Why is China reportedly using spies on Uyghur Muslims
In a new campaign of repression against Uyghur Muslims, Chinese police are reportedly using spies to ensure Uyghur Muslims do not fast during the holy month of Ramzan. The spies, dubbed "ears" by Chinese officials, are allegedly drawn from ordinary citizens, police, and members of neighborhood committees, Radio Free Asia reported, citing a police official from an area near Tulufan in China's Xinjiang region.
Why does this story matter?
China has drawn criticism for its crackdown on the Uyghurs — a Turkic ethnic minority considered a native of the Xinjiang region in the northwest. Notably, the Xi Jinping-led government began banning Muslims in Xinjiang from fasting during Ramzan in 2017. This was around the time when authorities began arbitrarily detaining Uyghurs in "re-education" camps amid efforts to diminish their culture, religion, and language.
China's crackdown on Uyghur Muslims
As per reports, Chinese authorities summoned 56 Uyghur residents and former detainees during the first week of Ramzan to question them regarding their activities. Of the total, 54 were found violating the fasting law, revealed a Tulufan City Bazaar Police Station official. However, the police official refused to discuss what happened to those who violated the law.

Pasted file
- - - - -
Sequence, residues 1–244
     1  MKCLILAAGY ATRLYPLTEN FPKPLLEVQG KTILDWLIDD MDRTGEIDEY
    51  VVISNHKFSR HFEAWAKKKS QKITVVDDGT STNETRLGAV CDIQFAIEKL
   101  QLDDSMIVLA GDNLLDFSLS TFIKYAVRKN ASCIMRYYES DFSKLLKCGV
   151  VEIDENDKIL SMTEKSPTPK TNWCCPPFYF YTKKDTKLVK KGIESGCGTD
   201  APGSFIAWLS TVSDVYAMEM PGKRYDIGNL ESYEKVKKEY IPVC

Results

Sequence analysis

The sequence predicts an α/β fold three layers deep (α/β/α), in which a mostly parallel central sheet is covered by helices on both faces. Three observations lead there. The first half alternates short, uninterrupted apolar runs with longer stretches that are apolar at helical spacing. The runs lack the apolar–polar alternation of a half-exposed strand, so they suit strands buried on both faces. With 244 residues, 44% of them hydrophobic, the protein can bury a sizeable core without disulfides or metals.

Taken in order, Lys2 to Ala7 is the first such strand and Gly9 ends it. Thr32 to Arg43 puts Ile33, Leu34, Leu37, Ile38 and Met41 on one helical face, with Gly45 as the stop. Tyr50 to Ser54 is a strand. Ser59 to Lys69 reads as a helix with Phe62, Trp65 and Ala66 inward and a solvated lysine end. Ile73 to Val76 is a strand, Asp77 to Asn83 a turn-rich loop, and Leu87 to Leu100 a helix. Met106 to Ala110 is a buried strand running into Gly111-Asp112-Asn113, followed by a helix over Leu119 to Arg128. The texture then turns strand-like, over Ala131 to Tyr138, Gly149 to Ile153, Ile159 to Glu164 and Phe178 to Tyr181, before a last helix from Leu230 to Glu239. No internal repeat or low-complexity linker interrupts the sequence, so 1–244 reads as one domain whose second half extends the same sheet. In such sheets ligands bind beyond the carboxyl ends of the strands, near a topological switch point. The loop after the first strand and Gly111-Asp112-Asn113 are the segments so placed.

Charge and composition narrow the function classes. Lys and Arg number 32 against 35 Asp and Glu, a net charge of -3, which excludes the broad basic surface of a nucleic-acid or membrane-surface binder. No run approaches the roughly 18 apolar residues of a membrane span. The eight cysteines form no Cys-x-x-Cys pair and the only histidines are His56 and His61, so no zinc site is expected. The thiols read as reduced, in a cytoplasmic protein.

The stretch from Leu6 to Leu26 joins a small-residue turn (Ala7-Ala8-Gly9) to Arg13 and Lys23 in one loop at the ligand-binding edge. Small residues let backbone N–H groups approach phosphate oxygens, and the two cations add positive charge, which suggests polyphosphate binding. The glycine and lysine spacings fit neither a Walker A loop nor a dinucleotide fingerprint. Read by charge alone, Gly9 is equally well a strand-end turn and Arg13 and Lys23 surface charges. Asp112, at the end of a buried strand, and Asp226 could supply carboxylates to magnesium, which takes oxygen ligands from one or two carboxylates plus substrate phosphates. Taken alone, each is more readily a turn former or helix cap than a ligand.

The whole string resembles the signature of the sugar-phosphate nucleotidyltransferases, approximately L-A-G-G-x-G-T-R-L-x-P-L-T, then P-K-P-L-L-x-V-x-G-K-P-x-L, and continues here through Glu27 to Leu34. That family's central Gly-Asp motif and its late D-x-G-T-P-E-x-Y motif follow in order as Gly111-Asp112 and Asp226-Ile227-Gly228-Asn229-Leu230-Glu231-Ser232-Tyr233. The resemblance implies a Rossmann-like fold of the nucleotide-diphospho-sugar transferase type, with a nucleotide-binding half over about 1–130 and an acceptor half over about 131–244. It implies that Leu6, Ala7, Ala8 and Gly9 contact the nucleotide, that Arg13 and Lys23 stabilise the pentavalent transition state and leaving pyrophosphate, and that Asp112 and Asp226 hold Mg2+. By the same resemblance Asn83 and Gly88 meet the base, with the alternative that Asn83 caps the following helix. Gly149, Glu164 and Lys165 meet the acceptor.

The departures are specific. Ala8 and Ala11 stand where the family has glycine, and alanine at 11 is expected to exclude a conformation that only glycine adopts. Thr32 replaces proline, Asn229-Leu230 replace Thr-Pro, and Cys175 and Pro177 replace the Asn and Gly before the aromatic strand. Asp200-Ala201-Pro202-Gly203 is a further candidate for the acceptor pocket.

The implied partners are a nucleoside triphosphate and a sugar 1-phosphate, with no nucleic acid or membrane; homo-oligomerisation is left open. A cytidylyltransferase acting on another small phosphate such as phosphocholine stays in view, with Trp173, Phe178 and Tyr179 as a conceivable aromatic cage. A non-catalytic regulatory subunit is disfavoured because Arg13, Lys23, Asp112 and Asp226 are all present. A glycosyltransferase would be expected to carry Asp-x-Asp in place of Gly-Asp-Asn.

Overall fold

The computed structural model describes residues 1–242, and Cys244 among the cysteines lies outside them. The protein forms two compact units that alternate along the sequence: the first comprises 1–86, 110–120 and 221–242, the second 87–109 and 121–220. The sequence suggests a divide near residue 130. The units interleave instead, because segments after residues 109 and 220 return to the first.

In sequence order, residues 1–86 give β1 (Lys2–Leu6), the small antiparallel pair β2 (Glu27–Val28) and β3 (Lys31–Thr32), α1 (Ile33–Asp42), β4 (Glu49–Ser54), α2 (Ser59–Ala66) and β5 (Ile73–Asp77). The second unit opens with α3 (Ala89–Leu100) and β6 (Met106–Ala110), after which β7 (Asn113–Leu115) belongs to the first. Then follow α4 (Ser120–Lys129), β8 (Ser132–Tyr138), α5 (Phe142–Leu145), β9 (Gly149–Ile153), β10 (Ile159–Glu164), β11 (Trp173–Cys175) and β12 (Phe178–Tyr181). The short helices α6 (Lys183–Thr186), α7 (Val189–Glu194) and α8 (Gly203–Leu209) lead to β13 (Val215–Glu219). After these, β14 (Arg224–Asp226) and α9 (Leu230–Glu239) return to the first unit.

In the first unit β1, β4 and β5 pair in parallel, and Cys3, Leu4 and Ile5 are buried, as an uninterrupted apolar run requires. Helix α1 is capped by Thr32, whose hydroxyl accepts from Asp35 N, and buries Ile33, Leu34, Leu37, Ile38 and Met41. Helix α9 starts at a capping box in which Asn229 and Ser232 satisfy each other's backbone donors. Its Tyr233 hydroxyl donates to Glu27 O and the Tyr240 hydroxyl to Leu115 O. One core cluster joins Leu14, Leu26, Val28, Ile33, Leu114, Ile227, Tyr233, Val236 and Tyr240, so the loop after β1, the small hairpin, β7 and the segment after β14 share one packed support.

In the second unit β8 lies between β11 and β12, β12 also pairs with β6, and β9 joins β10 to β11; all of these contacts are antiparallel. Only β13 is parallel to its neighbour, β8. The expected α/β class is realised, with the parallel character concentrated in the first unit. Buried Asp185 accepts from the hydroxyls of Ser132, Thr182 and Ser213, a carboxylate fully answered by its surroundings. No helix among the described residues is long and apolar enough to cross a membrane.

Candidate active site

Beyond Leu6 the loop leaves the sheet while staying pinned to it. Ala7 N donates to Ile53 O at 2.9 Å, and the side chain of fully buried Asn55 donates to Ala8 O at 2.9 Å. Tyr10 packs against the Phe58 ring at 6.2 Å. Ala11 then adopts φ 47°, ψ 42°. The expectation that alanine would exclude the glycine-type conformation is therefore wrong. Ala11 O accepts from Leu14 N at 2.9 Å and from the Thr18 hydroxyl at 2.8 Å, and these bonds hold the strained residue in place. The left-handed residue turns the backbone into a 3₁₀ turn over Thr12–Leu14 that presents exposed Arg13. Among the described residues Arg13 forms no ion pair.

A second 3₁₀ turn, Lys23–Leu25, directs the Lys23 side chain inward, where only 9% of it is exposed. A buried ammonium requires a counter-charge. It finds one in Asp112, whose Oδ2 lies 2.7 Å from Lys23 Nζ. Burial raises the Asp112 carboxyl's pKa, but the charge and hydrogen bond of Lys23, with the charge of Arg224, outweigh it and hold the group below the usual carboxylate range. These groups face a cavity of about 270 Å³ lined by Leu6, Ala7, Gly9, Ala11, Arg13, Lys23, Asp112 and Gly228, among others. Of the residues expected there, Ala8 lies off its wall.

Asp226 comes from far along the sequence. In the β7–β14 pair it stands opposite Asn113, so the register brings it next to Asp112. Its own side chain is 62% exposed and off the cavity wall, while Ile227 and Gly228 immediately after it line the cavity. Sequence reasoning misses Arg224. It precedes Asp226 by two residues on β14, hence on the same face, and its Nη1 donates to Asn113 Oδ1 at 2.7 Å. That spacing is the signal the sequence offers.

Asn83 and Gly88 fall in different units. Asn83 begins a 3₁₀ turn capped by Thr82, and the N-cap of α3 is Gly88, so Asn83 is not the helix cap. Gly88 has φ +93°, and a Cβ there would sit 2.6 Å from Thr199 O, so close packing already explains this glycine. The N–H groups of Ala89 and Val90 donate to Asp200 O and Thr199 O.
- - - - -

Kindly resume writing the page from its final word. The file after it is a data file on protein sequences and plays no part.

Know how Chinese police use spies against Uyghur Muslims
Reportedly, the police stations in Tulufan have engaged two or three "ears" from each village to monitor people previously interrogated and arrested for fasting during Ramzan, as well as those released from jail. Furthermore, the police officer revealed that some villages even have four to five spies. The police will investigate those who violated the law earlier by fasting and those who organized fastings.
Police hire Uyghurs to spy on their own people: Official
"Our 'ears' came from three fields -- the ordinary residents, the police, and the neighborhood committees," stated an officer from near Tulufan. The officer also revealed that they recruited Uyghurs to keep an eye on other Uyghurs due to the language barrier. "In my workplace, there are 70-80 Uyghur policemen who either directly work as 'ears' or lead other civilians 'ears," the officer said.
Authorities spying on Uyghur officers within police
According to a staffer of the Tulufan Prefecture Police Bureau, authorities also had "ears" operating within the police force to check if Uyghur officers were fasting from dawn till dusk. Reports further revealed that authorities have been questioning Uyghur Muslim families to see if they are waking up to eat before dawn and gathering for a meal after dusk.
Details on Chinese authority's move against Uyghur Muslims
The restrictions announced by Beijing in 2017 were partially relaxed in 2021 and 2022, allowing people over 65 to fast as Chinese police reduced the number of street patrols and home searches. This year, however, the government has banned everyone from fasting, regardless of gender, profession, or age, according to a political official from the Tulufan City Police Station.Share this timeline